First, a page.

Dan: No, the demand letter is done once you’ve had the opportunity to evaluate one: liability, and secondly you are in a position to state what a reasonable demand would be for damages. You’ve had — typically the victim will have finished whatever medical care they had to incur. You’ll have an idea as to what the long-term effects of the injury were. Obviously, you’ll be able to describe the pain and suffering that the victim went through as well as loss of wages and changes in enjoyment of life. You put all that into your evaluation of damages, and you make a demand that it again has two parts to it.
One says this is why we believe that your client is liable. And the second part is this is the amount that we demand in the area of damages.
John: Then what else happens before the suit? do you wait for some response from the other party?
Dan: Usually, you typically put a 30 day period on that for a response. if you get a reasonable response and you feel as though it makes sense to have a dialogue with the insurance company prior to filing the lawsuit, Then you go down that road. If on the other hand the insurance company simply denies liability and/or does not recognize that your client has suffered some serious damages then you simply file the lawsuit at that point.
After Filing a Personal Injury Claim
John: Then what are the steps that happen after the lawsuit is filed?
Dan: Once the law suit is filed, the process would be that the insurance company’s council would respond with either an answer to the lawsuit or a motion to dismiss.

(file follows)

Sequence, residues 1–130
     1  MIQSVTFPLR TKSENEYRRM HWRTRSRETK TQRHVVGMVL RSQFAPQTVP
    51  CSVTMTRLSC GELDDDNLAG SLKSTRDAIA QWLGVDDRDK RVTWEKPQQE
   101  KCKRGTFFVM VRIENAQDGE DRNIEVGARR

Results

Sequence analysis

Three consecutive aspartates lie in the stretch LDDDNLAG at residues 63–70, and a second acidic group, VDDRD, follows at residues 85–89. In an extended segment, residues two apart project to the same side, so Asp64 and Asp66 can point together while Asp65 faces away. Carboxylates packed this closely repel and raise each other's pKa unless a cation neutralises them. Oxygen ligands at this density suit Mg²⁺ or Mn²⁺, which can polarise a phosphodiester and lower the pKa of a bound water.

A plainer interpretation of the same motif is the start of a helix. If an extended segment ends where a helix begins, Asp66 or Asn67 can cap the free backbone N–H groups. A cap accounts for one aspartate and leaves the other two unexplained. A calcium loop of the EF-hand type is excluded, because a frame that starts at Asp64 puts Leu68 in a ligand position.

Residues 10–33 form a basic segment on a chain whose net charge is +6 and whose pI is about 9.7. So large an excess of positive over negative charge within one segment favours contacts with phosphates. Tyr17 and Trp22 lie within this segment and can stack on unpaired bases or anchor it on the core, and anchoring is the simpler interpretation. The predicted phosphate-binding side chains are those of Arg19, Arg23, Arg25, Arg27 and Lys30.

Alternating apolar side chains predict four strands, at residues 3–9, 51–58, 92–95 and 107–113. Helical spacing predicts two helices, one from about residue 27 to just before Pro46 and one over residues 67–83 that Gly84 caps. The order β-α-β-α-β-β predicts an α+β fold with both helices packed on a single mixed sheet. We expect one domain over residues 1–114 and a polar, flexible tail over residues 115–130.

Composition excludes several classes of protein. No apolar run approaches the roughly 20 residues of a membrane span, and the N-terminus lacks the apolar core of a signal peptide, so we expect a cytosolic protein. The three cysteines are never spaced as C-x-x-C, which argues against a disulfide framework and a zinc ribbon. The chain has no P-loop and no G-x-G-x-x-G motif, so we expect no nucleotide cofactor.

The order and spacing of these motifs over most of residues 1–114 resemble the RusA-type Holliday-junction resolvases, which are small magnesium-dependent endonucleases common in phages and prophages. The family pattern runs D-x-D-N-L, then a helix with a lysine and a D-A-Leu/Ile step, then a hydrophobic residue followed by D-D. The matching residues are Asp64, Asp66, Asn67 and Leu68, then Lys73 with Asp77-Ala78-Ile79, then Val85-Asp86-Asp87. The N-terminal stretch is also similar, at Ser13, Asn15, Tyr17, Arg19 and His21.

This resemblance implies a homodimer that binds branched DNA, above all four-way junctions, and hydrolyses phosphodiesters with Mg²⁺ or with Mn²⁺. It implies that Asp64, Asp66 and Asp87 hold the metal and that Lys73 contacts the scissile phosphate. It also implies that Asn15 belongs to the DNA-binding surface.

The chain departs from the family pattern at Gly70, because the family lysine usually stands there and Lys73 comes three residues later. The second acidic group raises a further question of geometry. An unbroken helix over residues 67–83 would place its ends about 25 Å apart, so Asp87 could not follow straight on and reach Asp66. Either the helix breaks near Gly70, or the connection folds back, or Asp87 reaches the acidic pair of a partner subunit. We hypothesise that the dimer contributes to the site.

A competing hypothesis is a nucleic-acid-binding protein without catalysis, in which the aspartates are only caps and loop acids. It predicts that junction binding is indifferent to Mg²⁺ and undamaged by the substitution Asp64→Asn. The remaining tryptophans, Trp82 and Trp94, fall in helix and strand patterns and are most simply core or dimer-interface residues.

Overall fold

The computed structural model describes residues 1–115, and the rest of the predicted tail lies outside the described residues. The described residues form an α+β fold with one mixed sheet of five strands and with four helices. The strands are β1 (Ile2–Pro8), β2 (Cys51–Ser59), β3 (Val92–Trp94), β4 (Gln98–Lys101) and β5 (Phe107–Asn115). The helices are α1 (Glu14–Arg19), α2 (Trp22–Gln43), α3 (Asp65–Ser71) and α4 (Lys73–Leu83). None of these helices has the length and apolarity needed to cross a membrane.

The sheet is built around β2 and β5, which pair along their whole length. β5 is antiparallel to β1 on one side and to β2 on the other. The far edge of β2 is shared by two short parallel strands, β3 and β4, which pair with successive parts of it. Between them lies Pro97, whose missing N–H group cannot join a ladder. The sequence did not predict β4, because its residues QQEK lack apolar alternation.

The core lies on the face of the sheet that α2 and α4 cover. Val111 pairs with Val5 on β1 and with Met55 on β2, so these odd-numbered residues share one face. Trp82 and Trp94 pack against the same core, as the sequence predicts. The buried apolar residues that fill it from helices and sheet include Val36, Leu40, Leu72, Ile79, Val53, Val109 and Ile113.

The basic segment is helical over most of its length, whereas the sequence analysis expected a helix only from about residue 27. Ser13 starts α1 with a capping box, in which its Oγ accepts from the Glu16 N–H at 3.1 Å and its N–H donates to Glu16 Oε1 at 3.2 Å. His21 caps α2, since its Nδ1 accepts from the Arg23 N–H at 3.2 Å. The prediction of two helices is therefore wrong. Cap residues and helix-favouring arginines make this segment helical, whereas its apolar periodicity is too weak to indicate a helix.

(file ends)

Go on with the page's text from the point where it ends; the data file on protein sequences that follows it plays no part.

And then once you get beyond that process, you go into the discovery phase process which is simply an exchange of information. But that can take a fair amount of time.
These cases, once they’re put in to suit, the process within the courts themselves does not…is not a particularly expedient process. It takes a period of time. And unfortunately with a lot of these personal injury cases, the litigation may take on a life of its own, which again is why as counsel you always want to look for an opportunity to resolve the case, to get an efficient resolution for your client rather than allow it to just simply take on a life of its own, and to go on for years and years and years.
John: What are some possible ways that a lawsuit could be resolved?
Dan: Well again, you start with the demand, if the demand doesn’t go into place because you’ve not gotten their attention, perhaps the filing of the lawsuit will, or something during discovery will.
When you feel as though it’s appropriate you suggest potential mediation. That is a way for a third party to be involved to evaluate the case both from the plaintiff’s perspective and from the defendant’s perspective, and to try to get the parties together for a resolution of the case that will bring the case to closure for your client.
John: How do I pay a lawyer for a personal injury case? It seems like there’s a lot of steps involved. Obviously a lot of time. You said that there’s costs being incurred, you know, already right out of the gate as soon as you get a lawyer involved. How do I pay for all of that?
Dan: Well typically, the legal fees are done on a contingency fee basis. That means that you sign a contract with your lawyer, and your lawyer says that your lawyer will agree to forego being paid for their legal services until such time as the case is resolved, and will accept typically one-third of whatever the case settles for.
John: All right. That’s great information, Dan. Thanks again for speaking with me today.
Dan: Thank you, John.
John: For more information about the Murphy Law Group visit their web site at www.mlgllc.com or call 978-686-3200.